For a simple photo gallery I found a way to do it that looks quite good. See my answer here: How to rotate a UICollectionView similar to the photos app and keep the current view centered?

share|improve this answer

My way is to use a UICollectionViewFlowlayout object.

Set the ojbect line spacing if it scrolls horizontally.

[flowLayout setMinimumLineSpacing:26.0f];

Set its interitem spacing if it scrolls vertically.

[flowLayout setMinimumInteritemSpacing:0.0f];

Notice it behaves different when you rotate the screen. In my case, I have it scrolls horizontally so minimumlinespacing is 26.0f. Then it seems horrible when it rotates to landscape direction. I have to check rotation and set minimumlinespacing for that direction 0.0f to make it right.

That's it! Simple.

share|improve this answer

I had the issue with my project,i used two different layout for the UICollectionView.

mCustomCell *cell = [cv dequeueReusableCellWithReuseIdentifier:@"LandScapeCell" forIndexPath:indexPath];

theCustomCell *cell = [cv dequeueReusableCellWithReuseIdentifier:@"PortraitCell" forIndexPath:indexPath];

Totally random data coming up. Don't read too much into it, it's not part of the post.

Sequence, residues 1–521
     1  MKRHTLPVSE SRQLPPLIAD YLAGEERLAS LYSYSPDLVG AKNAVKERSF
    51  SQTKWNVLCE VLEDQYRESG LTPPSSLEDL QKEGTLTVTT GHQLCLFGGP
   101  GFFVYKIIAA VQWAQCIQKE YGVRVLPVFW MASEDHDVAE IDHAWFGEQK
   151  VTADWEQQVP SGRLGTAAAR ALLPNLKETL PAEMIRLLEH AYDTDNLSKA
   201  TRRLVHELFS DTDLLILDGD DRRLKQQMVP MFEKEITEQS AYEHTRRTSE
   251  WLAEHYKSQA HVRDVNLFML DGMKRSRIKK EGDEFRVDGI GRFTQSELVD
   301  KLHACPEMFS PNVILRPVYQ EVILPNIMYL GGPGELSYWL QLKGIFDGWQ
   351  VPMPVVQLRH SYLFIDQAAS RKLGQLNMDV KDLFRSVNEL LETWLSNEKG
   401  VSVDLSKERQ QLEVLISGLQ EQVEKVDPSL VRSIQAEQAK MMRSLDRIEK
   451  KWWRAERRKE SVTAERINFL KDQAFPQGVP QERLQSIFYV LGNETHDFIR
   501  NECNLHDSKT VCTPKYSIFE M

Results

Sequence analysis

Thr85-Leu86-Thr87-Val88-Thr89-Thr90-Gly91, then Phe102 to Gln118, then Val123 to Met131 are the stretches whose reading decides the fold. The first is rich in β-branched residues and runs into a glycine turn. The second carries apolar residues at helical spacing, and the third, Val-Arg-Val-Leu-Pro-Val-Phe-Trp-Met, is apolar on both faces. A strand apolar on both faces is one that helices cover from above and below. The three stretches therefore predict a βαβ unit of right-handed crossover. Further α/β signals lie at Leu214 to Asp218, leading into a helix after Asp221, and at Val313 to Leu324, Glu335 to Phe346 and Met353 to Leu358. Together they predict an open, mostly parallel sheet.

Then Check it for each orientation and use your configuration for each orientation.

share|improve this answer
-(CGSize)collectionView:(UICollectionView *)collectionView layout:(UICollectionViewLayout *)collectionViewLayout sizeForItemAtIndexPath:(NSIndexPath *)indexPath {
    CGSize pnt = CGSizeMake(70, 70);
    return pnt; }

-(UIEdgeInsets)collectionView:(UICollectionView *)collectionView layout:(UICollectionViewLayout*)collectionViewLayout insetForSectionAtIndex:(NSInteger)section {

//    UIEdgeInsetsMake(<#CGFloat top#>, <#CGFloat left#>, <#CGFloat bottom#>, <#CGFloat right#>)
    return UIEdgeInsetsMake(3, 0, 3, 0); }

This way you can adjust the content offset and the size of your cell.

share|improve this answer

Maybe you should use UIScollView.pagingEnabled property on the super UIScrollView class?

share|improve this answer

Use <CollectionViewDelegateFlowLayout> and in the method didRotateFromInterfaceOrientation: reload data of the CollectionView.

Implement collectionView:layout:sizeForItemAtIndexPath: method of <CollectionViewDelegateFlowLayout> and in the method verify the Interface orientation and apply your custom size of each cell.

- (CGSize)collectionView:(UICollectionView *)collectionView layout:(UICollectionViewLayout *)collectionViewLayout sizeForItemAtIndexPath:(NSIndexPath *)indexPath

    UIInterfaceOrientation orientation = [[UIApplication sharedApplication] statusBarOrientation];